Residents from the Lower Oldpark and Cliftonville areas of North Belfast have shared, for the first time, their experiences living next to physical divisions in a new book launched today by the Imagine Peace Walls Project.
‘The Peace Walls: An Oral History’ captures the personal stories of residents who lived in the areas for thirty years or more. The research and development of the publication was undertaken by the cross-community Imagine Project, with support from the International Fund for Ireland, as part of its wider efforts to engage people in a new dialogue about interface barriers.
Participants volunteered to anonymously share their memories of the changes witnessed over four decades as communities were pulled apart by sectarianism, violence and the erection of security barriers. The poignant stories reflect the mix of complex emotions that residents felt as friendships, families and neighbourhoods were separated indefinitely.
In the last year, the Imagine Project also published a survey on the views of more than 200 residents who would be most impacted by potential changes to the barriers. Two-thirds (66%) of all respondents said they would like to see change in the lifetime of their children or grandchildren.
Sarah Lorimer, Coordinator of the Imagine Peace Walls Project, said:
“The aim of the oral history project was to record and present to wider society the lived experiences of local people living by the peace walls. How communities adapted to their presence, and the impact the walls had on their lives, their families and their area.
“This project is about recognising the importance of capturing local history and giving those who live in interface communities more involvement in the narrative around the history and future of the walls. In doing so, residents living by the Peace Walls, can reclaim a significant part of their personal history and create a community archive of the history of their area. We are grateful for the interviewees’ time and honesty in sharing their personal and often difficult experiences.”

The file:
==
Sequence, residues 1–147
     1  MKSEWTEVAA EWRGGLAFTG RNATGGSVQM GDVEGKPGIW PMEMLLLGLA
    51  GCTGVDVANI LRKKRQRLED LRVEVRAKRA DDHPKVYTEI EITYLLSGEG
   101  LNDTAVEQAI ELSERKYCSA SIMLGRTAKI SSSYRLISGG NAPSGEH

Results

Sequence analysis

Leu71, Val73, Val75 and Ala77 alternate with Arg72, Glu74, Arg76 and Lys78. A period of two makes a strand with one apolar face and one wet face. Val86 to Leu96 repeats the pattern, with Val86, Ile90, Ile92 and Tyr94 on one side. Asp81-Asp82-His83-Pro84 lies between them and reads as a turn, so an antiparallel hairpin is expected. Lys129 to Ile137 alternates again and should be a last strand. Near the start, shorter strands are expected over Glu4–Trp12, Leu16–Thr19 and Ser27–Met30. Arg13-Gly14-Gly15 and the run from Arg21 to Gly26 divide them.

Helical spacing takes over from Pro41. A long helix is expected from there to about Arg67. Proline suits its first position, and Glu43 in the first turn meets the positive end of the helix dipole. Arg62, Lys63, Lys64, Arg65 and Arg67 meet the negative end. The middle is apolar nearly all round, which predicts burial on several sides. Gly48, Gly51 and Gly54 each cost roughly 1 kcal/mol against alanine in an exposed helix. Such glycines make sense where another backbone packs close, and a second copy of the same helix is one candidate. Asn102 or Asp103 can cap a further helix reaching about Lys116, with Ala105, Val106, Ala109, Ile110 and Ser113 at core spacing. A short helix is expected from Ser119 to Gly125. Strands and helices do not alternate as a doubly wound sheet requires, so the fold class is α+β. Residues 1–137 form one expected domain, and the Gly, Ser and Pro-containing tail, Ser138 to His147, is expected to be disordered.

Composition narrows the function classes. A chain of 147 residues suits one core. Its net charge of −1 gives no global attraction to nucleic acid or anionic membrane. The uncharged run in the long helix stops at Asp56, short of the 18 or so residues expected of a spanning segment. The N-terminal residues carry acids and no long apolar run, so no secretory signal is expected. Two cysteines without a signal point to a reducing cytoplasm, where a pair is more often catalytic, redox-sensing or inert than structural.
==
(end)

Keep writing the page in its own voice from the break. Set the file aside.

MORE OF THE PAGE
Billy Gamble, International Fund for Ireland Board Member, said:
“If the barriers and interfaces could talk you would hear stories of trauma, tragedy, segregation and resilience. But you would also hear how society has failed to address the wider issues of marginalisation and deprivation that fuelled violence and mistrust in these areas over multiple generations.
“This anthology of deeply personal stories compiled by the Imagine Project is timely and comes as many communities are beginning to voice bold new opinions on the future of the physical divisions. Attitudes are changing but for communities to agree to the reduction, declassification or removal of Peace Walls, their concerns must be prioritised and met in full by tangible action from relevant statutory authorities.”
To request a copy of ‘The Peace Walls: An Oral History’ contact the Imagine Project on 028 9035 1334 or 028 9074 9147. Or click here to download a PDF
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International Fund for Ireland
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